Now & Then: The History of Skinny Jeans

Skinny jeans are an unlikely mainstream fashion choice that’s here to stay.

Since the skinny jean’s most recent emergence on the Balenciaga runways in 2003, the narrow legged style never fails to kick off debate amongst fashion lovers. No one then imagined that the unforgiving style would be embraced beyond fashion’s 1% (i.e. models). And yet, almost a decade later, the skintight styles remain a fully paid up member of mainstream America’s hardest working denim.

An impressive achievement when you consider skinny’s origins. The drainpipe jeans of the 1950s were embraced as the uniform of rock n’ roll’s “bad boys,” and again in the late 1970s by punk subculture bands such as the Clash, The Ramones and The Sex Pistols who adopted the skinny as the ultimate badge of the rebel.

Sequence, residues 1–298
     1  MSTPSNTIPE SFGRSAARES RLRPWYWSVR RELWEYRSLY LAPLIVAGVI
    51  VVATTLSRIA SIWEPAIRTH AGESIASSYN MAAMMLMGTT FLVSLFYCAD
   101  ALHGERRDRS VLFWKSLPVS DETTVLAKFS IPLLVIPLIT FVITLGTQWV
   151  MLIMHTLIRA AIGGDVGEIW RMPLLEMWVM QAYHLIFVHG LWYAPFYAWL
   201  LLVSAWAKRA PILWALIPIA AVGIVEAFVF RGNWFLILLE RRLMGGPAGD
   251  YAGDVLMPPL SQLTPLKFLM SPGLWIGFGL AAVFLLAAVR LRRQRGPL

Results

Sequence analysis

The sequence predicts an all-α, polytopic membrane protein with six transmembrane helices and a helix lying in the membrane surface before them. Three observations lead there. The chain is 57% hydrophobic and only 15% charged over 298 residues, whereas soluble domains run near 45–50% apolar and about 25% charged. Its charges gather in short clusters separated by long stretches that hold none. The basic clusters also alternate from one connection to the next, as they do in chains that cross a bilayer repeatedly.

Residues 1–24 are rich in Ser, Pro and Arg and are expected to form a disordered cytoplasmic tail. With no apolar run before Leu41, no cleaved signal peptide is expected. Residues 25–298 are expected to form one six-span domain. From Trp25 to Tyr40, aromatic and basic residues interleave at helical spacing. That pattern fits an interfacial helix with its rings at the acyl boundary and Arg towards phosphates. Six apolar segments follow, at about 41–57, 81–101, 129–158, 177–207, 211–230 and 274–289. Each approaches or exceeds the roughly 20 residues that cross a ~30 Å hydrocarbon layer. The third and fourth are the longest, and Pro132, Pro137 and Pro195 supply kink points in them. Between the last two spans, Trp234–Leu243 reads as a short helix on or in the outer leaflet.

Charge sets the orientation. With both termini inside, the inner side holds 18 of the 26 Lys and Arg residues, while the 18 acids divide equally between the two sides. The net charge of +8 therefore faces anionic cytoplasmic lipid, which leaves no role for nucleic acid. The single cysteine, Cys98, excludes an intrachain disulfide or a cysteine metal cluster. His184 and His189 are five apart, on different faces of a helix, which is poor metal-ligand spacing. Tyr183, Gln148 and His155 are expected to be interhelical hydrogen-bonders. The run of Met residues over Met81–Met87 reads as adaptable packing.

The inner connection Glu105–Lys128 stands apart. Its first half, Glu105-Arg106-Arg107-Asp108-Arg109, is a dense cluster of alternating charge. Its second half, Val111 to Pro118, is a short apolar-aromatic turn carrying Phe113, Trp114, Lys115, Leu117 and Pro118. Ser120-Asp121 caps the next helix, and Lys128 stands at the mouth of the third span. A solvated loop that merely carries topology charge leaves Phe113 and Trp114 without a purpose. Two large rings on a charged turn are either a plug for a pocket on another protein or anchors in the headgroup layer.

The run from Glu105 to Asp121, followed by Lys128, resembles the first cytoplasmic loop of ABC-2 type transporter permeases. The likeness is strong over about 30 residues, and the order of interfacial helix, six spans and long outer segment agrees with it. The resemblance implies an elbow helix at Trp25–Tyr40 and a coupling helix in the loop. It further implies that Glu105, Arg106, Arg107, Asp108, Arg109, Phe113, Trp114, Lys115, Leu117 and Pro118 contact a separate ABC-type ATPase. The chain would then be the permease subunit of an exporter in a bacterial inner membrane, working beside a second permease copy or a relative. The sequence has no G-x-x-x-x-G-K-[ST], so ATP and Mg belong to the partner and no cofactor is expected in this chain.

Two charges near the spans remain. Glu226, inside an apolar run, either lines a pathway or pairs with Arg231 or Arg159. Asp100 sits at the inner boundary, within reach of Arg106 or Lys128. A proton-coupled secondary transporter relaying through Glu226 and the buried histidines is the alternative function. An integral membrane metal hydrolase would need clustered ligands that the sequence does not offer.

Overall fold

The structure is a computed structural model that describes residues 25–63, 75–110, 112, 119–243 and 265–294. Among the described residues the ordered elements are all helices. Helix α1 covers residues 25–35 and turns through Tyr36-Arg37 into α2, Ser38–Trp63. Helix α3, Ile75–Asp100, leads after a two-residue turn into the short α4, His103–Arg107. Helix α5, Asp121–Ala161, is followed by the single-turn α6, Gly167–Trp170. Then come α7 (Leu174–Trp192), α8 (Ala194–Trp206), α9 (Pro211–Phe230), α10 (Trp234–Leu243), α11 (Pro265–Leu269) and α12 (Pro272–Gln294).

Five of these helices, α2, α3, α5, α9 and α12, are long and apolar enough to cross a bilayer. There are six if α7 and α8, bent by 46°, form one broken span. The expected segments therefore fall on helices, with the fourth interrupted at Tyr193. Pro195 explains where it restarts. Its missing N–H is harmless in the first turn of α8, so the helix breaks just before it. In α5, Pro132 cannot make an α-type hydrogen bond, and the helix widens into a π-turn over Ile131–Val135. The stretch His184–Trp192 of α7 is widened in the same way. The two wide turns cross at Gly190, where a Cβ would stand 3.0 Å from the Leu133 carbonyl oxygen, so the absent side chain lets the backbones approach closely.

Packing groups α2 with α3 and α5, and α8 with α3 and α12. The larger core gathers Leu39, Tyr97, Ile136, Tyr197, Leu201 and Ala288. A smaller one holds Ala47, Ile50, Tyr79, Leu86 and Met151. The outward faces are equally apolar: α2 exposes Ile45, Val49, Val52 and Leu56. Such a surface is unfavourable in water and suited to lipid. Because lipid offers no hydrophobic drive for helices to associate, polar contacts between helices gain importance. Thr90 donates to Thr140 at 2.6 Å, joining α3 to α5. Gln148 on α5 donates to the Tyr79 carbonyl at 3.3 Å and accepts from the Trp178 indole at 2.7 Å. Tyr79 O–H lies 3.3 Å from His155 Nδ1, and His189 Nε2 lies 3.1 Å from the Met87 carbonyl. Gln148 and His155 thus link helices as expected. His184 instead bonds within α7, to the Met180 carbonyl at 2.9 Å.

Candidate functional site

Despite the industry’s counter-cultural chit chat this past season that pegged the latest flare silhouette to finally usurp the straight leg, it seems that for now, as far as Americans are concerned, skinny rules.

Skip the dreaded jegging styles and pull on the new Surry Skinny-Fit from Raleigh Denim. Made from homegrown raw indigo from Cone Denim Mills in North Carolina, the Surry has just the right amount of stretch and stitch. Each pair of jeans is hand signed and individually numbered.

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Rowena Ritchie

Rowena is EcoSalon’s West Coast Fashion Editor and currently resides in San Francisco, CA.